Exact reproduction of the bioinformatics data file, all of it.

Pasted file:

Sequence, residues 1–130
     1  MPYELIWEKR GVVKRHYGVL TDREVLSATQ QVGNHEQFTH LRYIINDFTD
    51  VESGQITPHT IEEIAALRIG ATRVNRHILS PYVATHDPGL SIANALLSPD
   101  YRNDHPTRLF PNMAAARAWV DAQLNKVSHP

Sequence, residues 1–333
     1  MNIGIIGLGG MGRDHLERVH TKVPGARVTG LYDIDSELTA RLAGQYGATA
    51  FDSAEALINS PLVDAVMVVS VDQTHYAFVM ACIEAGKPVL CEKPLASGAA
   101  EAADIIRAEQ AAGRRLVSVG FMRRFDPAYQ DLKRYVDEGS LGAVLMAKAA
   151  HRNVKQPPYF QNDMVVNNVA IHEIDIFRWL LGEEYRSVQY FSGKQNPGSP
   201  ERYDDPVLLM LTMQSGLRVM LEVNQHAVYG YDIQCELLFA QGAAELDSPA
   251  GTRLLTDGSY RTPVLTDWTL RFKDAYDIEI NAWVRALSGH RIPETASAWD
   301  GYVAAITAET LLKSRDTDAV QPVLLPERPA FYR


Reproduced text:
Sequence, residues 1–130
     1  MPYELIWEKR GVVKRHYGVL TDREVLSATQ QVGNHEQFTH LRYIINDFTD
    51  VESGQITPHT IEEIAALRIG ATRVNRHILS PYVATHDPGL SIANALLSPD
   101  YRNDHPTRLF PNMAAARAWV DAQLNKVSHP

Sequence, residues 1–333
     1  MNIGIIGLGG MGRDHLERVH TKVPGARVTG LYDIDSELTA RLAGQYGATA
    51  FDSAEALINS PLVDAVMVVS VDQTHYAFVM ACIEAGKPVL CEKPLASGAA
   101  EAADIIRAEQ AAGRRLVSVG FMRRFDPAYQ DLKRYVDEGS LGAVLMAKAA
   151  HRNVKQPPYF QNDMVVNNVA IHEIDIFRWL LGEEYRSVQY FSGKQNPGSP
   201  ERYDDPVLLM LTMQSGLRVM LEVNQHAVYG YDIQCELLFA QGAAELDSPA
   251  GTRLLTDGSY RTPVLTDWTL RFKDAYDIEI NAWVRALSGH RIPETASAWD
   301  GYVAAITAET LLKSRDTDAV QPVLLPERPA FYR